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THE CONFEDERATION of British Industry last week circulated a confidential letter to Cabinet ministers rejecting proposals to introduce new legal employment protection for workers whose jobs are privatised.
Last September the Labour leadership headed off a trade union revolt over the increasing privatisation of public services by promising this new legislation to protect the terms, wages and conditions of public sector workers whose jobs would be affected.
Many unions are still dissatisfled with the Government's increasing rush to privatisation and are reducing donations to the Labour Party -- using the money instead in campaigns against privatisation.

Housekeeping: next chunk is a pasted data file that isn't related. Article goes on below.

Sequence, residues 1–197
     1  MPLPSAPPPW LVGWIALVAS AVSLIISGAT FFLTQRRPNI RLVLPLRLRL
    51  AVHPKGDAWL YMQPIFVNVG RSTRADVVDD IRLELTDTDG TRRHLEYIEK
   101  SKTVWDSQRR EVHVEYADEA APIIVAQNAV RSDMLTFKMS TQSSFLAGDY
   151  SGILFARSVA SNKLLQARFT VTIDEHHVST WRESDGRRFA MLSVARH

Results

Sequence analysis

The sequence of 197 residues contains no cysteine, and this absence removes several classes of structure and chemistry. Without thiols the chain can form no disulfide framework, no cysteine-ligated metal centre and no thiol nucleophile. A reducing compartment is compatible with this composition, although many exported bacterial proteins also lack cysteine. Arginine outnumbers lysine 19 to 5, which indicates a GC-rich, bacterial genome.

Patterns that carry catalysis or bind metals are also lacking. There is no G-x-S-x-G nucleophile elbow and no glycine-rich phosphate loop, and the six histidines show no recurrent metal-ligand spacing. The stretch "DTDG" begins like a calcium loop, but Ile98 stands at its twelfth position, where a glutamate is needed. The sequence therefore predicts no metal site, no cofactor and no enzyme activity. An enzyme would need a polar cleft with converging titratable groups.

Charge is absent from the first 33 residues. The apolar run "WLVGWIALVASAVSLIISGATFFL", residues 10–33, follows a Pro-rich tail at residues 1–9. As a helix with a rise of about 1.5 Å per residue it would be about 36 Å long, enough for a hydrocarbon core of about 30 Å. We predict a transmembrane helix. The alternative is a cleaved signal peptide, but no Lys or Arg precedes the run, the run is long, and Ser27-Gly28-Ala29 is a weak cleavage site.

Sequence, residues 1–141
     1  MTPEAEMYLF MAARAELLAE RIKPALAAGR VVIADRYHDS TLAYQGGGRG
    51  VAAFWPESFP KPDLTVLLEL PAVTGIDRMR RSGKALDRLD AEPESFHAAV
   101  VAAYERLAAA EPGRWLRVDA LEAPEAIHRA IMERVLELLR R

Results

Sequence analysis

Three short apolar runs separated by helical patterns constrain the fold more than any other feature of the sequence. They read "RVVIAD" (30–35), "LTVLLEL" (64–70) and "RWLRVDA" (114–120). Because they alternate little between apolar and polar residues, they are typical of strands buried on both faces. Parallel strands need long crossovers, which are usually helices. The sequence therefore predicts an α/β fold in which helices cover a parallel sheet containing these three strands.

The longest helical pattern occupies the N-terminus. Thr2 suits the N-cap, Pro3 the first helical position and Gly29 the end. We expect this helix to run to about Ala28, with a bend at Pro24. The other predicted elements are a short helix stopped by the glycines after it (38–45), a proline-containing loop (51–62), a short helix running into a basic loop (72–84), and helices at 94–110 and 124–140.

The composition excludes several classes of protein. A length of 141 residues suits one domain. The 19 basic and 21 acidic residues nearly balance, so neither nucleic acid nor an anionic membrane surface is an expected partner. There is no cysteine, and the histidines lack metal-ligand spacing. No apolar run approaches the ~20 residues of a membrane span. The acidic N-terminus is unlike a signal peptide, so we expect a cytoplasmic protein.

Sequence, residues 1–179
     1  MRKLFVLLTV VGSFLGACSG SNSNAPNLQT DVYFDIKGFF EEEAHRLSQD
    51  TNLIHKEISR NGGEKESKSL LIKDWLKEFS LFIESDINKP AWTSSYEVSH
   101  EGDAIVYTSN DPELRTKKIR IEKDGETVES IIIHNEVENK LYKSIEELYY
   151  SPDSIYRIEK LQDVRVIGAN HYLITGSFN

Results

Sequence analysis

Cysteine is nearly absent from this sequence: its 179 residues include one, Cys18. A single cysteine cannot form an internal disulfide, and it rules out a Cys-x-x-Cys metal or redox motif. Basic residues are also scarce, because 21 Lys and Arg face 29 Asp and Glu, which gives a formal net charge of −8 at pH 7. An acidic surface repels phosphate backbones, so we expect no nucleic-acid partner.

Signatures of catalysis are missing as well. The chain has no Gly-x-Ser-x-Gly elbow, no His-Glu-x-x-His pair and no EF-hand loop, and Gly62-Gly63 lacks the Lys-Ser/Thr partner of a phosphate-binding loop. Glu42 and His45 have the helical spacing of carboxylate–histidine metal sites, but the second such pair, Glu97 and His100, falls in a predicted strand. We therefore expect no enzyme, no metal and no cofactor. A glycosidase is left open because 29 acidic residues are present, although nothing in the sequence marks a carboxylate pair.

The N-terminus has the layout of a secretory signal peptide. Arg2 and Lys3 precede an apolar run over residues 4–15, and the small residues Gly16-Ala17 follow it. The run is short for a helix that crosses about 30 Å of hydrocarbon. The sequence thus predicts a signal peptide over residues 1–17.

But the privateer bosses are not happy about any new legislation to protect workers and are piling on the pressure to make the Government renege on these promises.
The CBI has said that "any legalistic or rule book protection of workers would slow down reform, strangle innovation and drive leading edge provides to leave the market."
In other words it would hamper their profit making. The CBI wants a "code of conduct" instead, claiming this would fulfill the Government's promise to the unions.
The unions, on the other hand, are insisting on legal protection. Speaking on behalf of the giant public sector union Unison, Malcolm Wing said: "We must have something that is legally enforceable, including a code with teeth and that means statutory backing."